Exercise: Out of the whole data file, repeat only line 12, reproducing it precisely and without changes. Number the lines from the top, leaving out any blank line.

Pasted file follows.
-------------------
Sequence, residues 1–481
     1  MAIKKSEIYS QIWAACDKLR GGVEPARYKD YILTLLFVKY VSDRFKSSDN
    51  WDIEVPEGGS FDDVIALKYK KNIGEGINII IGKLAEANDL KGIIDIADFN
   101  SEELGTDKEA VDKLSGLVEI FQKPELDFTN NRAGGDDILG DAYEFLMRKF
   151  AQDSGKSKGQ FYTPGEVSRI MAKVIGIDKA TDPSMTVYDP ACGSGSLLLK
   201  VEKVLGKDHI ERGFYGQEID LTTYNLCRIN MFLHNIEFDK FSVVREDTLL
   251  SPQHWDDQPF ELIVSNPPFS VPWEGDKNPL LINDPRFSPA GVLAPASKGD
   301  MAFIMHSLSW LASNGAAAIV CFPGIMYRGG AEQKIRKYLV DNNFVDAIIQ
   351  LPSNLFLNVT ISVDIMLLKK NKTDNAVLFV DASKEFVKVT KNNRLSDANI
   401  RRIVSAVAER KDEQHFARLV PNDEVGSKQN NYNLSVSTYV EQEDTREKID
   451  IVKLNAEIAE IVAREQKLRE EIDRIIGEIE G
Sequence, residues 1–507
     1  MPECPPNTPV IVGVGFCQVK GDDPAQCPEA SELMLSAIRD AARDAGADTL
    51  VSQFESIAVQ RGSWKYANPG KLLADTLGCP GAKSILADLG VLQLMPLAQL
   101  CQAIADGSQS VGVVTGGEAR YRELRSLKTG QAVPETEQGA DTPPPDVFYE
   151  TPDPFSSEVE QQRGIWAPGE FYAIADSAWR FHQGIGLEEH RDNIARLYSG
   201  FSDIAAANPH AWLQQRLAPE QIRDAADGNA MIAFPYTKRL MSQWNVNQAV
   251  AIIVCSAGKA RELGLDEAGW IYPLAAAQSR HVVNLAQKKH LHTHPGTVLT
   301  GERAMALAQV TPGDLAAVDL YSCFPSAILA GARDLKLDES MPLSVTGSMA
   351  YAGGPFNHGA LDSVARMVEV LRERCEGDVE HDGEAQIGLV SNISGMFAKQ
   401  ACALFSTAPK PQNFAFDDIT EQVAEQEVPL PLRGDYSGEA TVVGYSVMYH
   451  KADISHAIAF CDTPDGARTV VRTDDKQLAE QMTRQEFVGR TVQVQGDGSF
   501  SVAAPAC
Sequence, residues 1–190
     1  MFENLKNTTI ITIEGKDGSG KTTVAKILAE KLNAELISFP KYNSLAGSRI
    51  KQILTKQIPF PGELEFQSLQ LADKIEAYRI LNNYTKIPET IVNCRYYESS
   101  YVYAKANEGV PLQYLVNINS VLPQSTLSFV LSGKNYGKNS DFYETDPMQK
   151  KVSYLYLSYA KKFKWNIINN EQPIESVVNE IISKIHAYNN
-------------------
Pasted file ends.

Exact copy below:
Sequence, residues 1–507